In Andrew Gleason's interview for More Mathematical People, there is the following exchange concerning Gleason's work on Hilbert's fifth problem on whether every locally Euclidean topological group is a Lie group (page 92).

MP: Is there some "human" story you can tell us about the breakthrough when it came?

Gleason: Yes, there's a really remarkable story about that. Sometime -- I can't tell you the exact date but let's say around 1949 -- I was doing other things too, and one of the things that I found very interesting and very curious and which I really felt I should try to understand better was a very famous theorem to the effect that a monotonic function is almost everywhere differentiable. It's a rather remarkable and very difficult theorem -- it's not easy to prove. A very very hard theorem of analysis and a really surprising theorem. Well, at the time I was sort of speculating about this theorem, but it wasn't for at least two years that I suddenly realized that that would solve the problem I was dealing with! Knowing that, in connection with some other stuff I had been working on, really put the whole thing together. It was a realization that although this theorem had been on my mind for maybe two years, I had never recognized that it was crucial to the arguments that I was trying to work through in the Hilbert problem. I hadn't realized it. Then suddenly it just came to me.

MP: It just came to you?

Gleason: That's right. It just came to me that I could use this technique, this theorem, in connection with these curves in Hilbert space that I was dealing with -- and get the answer! ...

I've never studied Hilbert's Fifth Problem or its solutions, but I've always been curious what Gleason meant by this connection. Can anyone shed some light on this?

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    $\begingroup$ Just a curious question in passing, whether the flip-side: Everywhere differentiable, but nowhere monotone functions, are also of interest? See e.g., jstor.org/stable/2318996 $\endgroup$
    – Suvrit
    Nov 2, 2010 at 9:46
  • $\begingroup$ I don't see how it is relevant here, but such wiggly things are indeed curious and interesting. $\endgroup$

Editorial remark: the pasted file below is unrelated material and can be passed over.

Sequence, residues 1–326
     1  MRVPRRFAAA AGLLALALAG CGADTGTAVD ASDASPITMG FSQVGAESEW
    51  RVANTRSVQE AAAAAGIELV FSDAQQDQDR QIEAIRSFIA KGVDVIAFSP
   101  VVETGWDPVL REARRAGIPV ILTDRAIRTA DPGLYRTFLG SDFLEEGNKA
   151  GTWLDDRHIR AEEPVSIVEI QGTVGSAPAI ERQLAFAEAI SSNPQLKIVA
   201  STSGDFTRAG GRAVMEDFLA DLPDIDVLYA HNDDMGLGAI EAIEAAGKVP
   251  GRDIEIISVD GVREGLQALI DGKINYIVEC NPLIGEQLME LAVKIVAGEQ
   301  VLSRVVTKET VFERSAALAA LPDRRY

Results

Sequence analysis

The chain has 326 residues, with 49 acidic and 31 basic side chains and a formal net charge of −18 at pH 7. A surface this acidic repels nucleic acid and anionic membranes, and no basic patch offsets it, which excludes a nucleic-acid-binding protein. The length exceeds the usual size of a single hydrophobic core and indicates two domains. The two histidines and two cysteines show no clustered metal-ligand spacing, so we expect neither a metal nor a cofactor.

– Todd Trimble
    Nov 2, 2010 at 11:22

1 Answer 1


Well, I cannot say for certain, but I did know Gleason well (he was my thesis advisor, and we wrote a paper together after that) and I have written an essay about Gleason's work on the Fifth Problem (in the Gleason Memorial article in the AMS Notices --- http://www.ams.org/notices/200910/rtx091001236p.pdf ) and based on that I think I can make a reasonable guess about what he had in mind. Recall that what Gleason actually proved was that a locally compact group without arbitrarily small subgroups is a Lie group (then Montomery and Zippin proved that a locally Euclidean group did not have small subgroups). A key idea in Gleason's proof was the construction of a unique one-parameter subgroup through any point sufficiently close to the identity (i.e., essentially, constructing the exponential map) and this in turn depended on showing the existence of a unique square root for elements near the identity (see his paper "Square roots in locally Euclidean groups"). I believe that it is the step going from square roots to one-parameter subgroups that used ideas from the monotonic implies differentiable a.e. theorem. The "these curves" that he mentions in that More Mathematical People article, can only be the one-parameter subgroups. For more details, see my Notices article above, particularly the section called "Following in Gleason’s Footsteps".

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    $\begingroup$ @Dick: I was aware of your having written that paper through another MO exchange: mathoverflow.net/questions/31387/…, and so I was hoping you'd weigh in! Your answer here makes a lot of sense, and now let me have a look at your article. Thanks very much! $\endgroup$
    – Todd Trimble
    Nov 1, 2010 at 19:21
  • $\begingroup$ I have to admit that I'm still murky on where a monotone function enters here, but perhaps you're suggesting that it's more ideas from the proof of this theorem of analysis than the statement itself that is relevant to Gleason's thinking? Maybe at this point I need to dig into the literature more... thanks again for your response. $\endgroup$
    – Todd Trimble
    Nov 2, 2010 at 11:42
  • $\begingroup$ @Todd: "...it's more ideas from the proof of this theorem of analysis than the statement itself that is relevant". Yes. Recall from my article that, in attempting to define a $1$-parameter group $f$ with $f(1)$ a given group element near the identity, from the existence of unique square roots near $e$ it is easy to see how to define $f$ at all dyadic rationals $m/2^n$. More difficult is to see how to prove that $f$ so defined is continuous---and so extends to a $1$-parameter group. This is where I think Gleason is saying that he used ideas from the proof of the monotone function theorem. $\endgroup$ Nov 2, 2010 at 16:32
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    $\begingroup$ I was reading again through Gleason's Annals paper "Groups without small subgroups" jstor.org/stable/1969795 and found that he used the almost everywhere differentiability of Lipschitz functions on page 205, in order to create a one-parameter subgroup out of a Lipschitz action on L^2. (This particular trick is however not used in more recent treatments of Hilbert's fifth.) $\endgroup$
    – Terry Tao
    Feb 12, 2014 at 21:29

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